Tuesday, September 25, 2007
Artist: Ghostface Killah
Release Date: March 2006
Label: Def Jam
Producers: MF DOOM, Pete Rock, J Dilla, Lewis Parker, Just Blaze, Ghostface Killah, Xtreme, Crack Val, MoSS, The Studio Beatz, Sean C & LV, with Anthony Acid & Ken Lewis; bonus track produced by Cool & Dre, with Diddy
“Trailblazing, stay ballin’ with vengeance,
my arts is crafty darts while y’all stuck with ‘Laffy Taffy',
Wondering how did y’all niggas get past me?
I’ve been doing this before Nas dropped the ‘Nasty’.
My Wallos, I did ‘em up,
My bricks, I sent ‘em up,
My raps, y’all bit ‘em up,
For that, now stick ‘em up.
Ten-Four, good buddy, Tone got his money up,
Worth millions, still bag your bitch looking bummy.
Y’all staring at the angel of death;
Liar, Liar, pants on fire, you’re burning up like David Koresh.”
- from “The Champ”
One of my favorite books is Hip Hop America, a chronicle of the music’s first two decades by Nelson George, longtime music journalist and former co-producer of Chris Rock's HBO show. In one of the chapters, George examines how Hip-Hop music evolves so fast as an artform, it has to constantly eat up naïve young artists and discard its pioneers; like many sports, most MC’s don’t make it past 30 years old. The Old School artists had a hard time adjusting to the faster rhyme styles and frenetic beats of the late 80’s and early 90’s, but as the trends and tastes of the audience have changed over the last decade, the MC’s that debuted in the post-Chronic days of the early/mid 90’s seem to have adjusted well to the role of elder statesmen while still keeping a fairly high profile. They appear to have figured out longevity from a commercial standpoint in order to grant them more artistic opportunities. On the other hand, as present as Snoop, Jay-Z or Nas may be, c’mon, we can all agree it is pretty clear their best days are behind them. Even the prospect of a reunited Wu-Tang album for this coming November doesn’t fill me with the excitement it should. I find it refreshing then to say that Wu’s Ghostface Killah, 35 years old at the release of Fishscale, remains not only commercially relevant (this album debuted at #4 on the Billboard album chart), but also creatively fascinating. From a mainstream perspective, his only peers at this point would probably be Outkast.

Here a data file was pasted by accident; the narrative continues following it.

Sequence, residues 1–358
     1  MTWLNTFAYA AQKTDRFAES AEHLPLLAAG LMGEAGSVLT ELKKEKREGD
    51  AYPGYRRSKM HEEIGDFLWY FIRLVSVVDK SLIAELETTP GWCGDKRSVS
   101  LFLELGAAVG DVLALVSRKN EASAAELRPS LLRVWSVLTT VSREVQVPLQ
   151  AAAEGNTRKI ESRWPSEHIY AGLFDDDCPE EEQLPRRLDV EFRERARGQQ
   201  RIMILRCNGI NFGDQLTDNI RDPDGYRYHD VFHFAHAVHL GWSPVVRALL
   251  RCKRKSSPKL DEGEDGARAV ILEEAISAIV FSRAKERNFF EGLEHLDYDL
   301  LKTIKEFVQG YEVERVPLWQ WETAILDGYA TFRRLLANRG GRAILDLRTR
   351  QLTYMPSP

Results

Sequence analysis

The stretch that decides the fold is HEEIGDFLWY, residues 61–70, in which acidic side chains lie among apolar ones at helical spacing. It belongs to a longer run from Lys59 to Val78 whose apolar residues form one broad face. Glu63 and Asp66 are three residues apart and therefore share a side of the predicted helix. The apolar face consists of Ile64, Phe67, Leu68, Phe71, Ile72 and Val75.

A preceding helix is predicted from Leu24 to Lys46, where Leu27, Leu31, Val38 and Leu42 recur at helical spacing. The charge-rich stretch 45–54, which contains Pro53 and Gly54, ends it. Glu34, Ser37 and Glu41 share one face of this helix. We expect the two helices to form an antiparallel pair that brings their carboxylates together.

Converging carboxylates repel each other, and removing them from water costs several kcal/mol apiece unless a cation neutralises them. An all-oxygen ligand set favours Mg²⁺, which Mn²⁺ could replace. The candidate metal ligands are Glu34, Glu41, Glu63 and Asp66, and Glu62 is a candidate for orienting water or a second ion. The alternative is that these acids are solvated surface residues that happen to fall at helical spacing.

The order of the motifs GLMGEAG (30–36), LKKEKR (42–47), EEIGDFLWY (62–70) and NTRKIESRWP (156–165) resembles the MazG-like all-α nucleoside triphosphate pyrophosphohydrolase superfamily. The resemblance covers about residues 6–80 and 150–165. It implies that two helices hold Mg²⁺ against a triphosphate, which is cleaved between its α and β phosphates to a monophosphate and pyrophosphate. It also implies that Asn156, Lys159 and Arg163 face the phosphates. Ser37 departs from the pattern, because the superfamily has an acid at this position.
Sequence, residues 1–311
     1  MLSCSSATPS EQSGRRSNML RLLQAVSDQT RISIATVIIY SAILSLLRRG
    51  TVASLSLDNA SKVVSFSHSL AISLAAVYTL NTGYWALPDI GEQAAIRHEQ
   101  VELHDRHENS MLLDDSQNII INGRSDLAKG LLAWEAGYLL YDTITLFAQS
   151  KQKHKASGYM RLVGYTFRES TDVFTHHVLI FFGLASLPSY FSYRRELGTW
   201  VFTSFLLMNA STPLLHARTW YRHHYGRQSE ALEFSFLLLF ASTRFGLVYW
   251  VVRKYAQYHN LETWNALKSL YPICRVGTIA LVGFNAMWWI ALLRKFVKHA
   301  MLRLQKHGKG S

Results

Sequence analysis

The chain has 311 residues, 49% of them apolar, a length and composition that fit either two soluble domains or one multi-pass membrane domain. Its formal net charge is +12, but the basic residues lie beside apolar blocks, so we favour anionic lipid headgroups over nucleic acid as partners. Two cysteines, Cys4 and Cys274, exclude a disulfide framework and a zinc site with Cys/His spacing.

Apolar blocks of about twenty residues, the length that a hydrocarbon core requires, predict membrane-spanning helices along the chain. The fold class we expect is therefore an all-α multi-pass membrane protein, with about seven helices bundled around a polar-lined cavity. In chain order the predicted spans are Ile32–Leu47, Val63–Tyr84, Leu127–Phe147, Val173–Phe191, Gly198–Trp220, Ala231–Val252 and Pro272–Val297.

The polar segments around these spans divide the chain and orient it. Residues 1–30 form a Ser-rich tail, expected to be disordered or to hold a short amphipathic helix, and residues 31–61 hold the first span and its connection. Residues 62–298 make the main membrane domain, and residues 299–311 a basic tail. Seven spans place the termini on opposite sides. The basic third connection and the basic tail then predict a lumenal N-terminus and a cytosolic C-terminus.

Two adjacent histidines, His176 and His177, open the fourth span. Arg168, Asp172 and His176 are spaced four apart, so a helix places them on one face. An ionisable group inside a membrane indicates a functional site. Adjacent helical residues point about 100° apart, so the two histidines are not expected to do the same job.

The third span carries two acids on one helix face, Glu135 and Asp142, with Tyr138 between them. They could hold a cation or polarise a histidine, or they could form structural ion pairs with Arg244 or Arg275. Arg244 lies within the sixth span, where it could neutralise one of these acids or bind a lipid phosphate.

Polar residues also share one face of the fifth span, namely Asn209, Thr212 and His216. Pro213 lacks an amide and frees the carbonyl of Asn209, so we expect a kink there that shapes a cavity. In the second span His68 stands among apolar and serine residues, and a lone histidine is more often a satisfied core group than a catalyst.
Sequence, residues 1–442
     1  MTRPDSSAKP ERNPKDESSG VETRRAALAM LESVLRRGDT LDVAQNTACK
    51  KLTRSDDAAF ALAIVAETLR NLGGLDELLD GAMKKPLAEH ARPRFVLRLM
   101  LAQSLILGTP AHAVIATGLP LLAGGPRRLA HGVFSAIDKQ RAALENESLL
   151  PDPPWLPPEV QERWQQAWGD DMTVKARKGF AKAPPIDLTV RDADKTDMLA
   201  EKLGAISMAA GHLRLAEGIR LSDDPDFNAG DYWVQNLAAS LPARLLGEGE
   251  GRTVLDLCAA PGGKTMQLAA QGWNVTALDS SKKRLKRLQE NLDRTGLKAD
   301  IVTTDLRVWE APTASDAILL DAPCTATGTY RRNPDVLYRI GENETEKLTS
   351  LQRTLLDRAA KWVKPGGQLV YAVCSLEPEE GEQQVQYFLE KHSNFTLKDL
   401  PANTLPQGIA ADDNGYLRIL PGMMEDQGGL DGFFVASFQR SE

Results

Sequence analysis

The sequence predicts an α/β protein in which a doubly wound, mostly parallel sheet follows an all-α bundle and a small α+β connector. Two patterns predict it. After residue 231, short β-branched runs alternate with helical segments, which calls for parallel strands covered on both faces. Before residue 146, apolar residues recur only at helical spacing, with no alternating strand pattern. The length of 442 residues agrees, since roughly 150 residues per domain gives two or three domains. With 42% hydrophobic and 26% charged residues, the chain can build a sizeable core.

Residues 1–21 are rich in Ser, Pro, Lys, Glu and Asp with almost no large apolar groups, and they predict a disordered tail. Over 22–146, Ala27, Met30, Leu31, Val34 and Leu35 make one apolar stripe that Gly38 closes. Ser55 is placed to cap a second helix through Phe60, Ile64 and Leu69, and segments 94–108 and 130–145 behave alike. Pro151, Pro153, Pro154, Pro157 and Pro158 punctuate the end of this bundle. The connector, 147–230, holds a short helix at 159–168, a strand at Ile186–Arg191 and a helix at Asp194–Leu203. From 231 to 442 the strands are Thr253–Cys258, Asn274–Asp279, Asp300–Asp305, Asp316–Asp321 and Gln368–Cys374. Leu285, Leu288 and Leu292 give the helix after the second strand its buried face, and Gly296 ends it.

Ghostface loves to disrupt your expectations, and by acting his age, he upsets the formula that the genre is stuck in. Instead of being the hardest MC alive, Ghost has no problem showing his sensitive side; "Whip You With A Strap" gets nostalgic for childhood discipline, while on the wonderful "Beauty Jackson", Ghost doesn't get the girl because he's packing heat. "Big Girl" begs the girls to leave that coke alone, even though it's still being featured on an album with more than a few songs from the perspective of a drug kingpin. Like his Def Jam label boss, Jay-Z, Ghostface has found comfort in maturing on wax, never trying to act like a young turk when he was really a grizzled veteran; at this point, Ghostface could be seen as the Rap Brett Favre. Unlike Jay though, to stay fresh and creative, Ghostface has mostly turned away from the mainstream, choosing instead to record a glut of material with collaborators from the more underground end of Hip-Hop. He might occasionally do a single with Missy Elliott, Amy Winehouse, or Ne-Yo, whose pop crossover attempt, "Back Like That", is far from embarassing, but he’d surround it by tracks produced by MF DOOM (4 tracks here; collabo album coming soon) or have "Strap" and "Beauty Jackson" blessed by the late J Dilla. Over the last 4 years, Ghost has released 2 proper albums, a rarities collection and 3 albums worth of material with his crew, The Theodore Unit; that’s not to mention the stray tracks scattered across mixtapes and the Internet. Fishscale is the best album from this period, what I like to call the “Pretty Toney era", and when it was released, it was pretty much universally hailed as an instant Rap classic, being named Album of the Year in more than a few venues. When I wrote about the album as part of my Best of 2006 feature (I placed it at #3, though in retrospect, I would now bump it up a spot), I compared it to The Beatles' legendary “White Album”, and I believe that the comparison still holds true. Both albums are hour-plus long excursions into new sound, deep with experiments and new approaches. The wonder comes in the snapshot of the creative process; not everything works, but when it does, it can be truly awesome.